Later on, Romero comes by to both check on Norma and apologize for not being able to help her out by marrying her. He asks if she’s worried about being alone because, though Romero may have issues, but he still cares. Norma tells him she’s not scared to be alone, but Norma, maybe you should be. We also get a reminder of and reference to the pit that was dug last season and then forgotten about. (Is this where Mother will finally end up, after it all?)

Realizing Norma’s situation and undergoing a change of heart, Romero goes to get the money he’s hidden in his house and brings it to Pineview. He bribes the woman to admit Norman, and when asked if Norman Bates is related to him, Romero makes everyone’s jaw drop with his answer: “I’m marrying his mother.”

NEXT: I loved her against reason, against promise, against peace

While Norma obsesses over the pit in the front yard, Norman reads her some Charles Dickens, and really, the excerpts from Great Expectations could not have been more appropriate. There’s another vision — though it’s not clear whether it’s Norman’s or Norma’s — of Emma’s mother, this time being buried in the pit. Clearly unsettled, Norma manages to get Norman away long enough to go down into the pit and check things out. We obviously think she’s going to come across Emma’s mother’s body, but all she finds is…a big glove. When she climbs out of the hole due to the arrival of a family who wants to check in, Norman is waiting for her. He more or less forces his mother to go inside while he deals with their guests, and I feel like this is the moment you can see Norma realizing her precious angel might not be so innocent anymore. (He also creepily points out that she seems more skittish than usual, which has to raise some red flags.)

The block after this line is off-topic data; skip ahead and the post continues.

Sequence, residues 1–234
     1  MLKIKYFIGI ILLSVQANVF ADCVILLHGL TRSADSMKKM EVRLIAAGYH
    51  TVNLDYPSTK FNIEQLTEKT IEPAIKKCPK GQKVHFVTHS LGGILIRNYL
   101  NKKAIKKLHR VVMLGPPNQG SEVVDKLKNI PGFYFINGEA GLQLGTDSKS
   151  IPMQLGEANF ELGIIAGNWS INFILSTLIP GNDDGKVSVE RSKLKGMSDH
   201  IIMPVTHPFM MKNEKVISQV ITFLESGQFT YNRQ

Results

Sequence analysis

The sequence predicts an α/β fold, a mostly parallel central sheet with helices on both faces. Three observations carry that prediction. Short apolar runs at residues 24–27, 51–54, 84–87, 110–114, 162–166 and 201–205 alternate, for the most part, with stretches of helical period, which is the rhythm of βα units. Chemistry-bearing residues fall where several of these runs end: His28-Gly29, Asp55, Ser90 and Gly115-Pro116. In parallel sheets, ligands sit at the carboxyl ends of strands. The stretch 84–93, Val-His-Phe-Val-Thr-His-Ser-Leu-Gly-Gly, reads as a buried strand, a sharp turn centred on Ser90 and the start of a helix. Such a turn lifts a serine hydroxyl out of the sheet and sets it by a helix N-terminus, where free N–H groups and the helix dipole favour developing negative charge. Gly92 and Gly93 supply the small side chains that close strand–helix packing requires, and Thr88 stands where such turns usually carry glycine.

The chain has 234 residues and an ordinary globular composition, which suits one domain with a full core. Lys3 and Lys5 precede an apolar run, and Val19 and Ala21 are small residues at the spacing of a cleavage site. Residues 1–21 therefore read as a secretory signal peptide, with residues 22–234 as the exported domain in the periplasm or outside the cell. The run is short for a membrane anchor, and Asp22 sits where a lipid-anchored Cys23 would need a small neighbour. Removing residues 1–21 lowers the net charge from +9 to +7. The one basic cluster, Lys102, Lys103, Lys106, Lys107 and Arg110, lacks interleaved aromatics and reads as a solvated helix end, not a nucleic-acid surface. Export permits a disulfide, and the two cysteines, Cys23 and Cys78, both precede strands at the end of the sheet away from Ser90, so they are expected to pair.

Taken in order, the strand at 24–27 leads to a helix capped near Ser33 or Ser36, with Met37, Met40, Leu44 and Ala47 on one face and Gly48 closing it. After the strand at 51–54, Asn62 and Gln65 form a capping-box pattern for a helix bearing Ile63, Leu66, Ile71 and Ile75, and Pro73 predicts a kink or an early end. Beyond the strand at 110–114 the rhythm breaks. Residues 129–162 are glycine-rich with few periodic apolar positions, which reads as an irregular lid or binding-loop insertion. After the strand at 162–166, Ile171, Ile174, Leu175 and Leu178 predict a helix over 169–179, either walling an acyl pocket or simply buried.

While Norman is getting herself cleaned up, Romero calls with good news: He got Norman into Pineview AND he’s decided to marry her. Win-win! That good news is quashed when Romero tells her that they need Norman to sign consent papers because he’s eighteen and therefore legally an adult. Norma’s very aware that Norman won’t sign those papers, which are being sent to the motel office…where Norman is conveniently checking his guests in. And Norman is actually being a very good, normal manager, chatting with the group from Portland about marketing and such, at least until he sees the fax come through. Norman sits in the dark reading over the papers from Pineview, but all he can hear is his father’s voice in his mind. He has a vision of him telling Norman he needs to control his mother before she destroys him, and when he finally leaves to go into the house, Norma attempts to find the papers herself. She doesn’t, obviously, which makes her return to the house that much worse.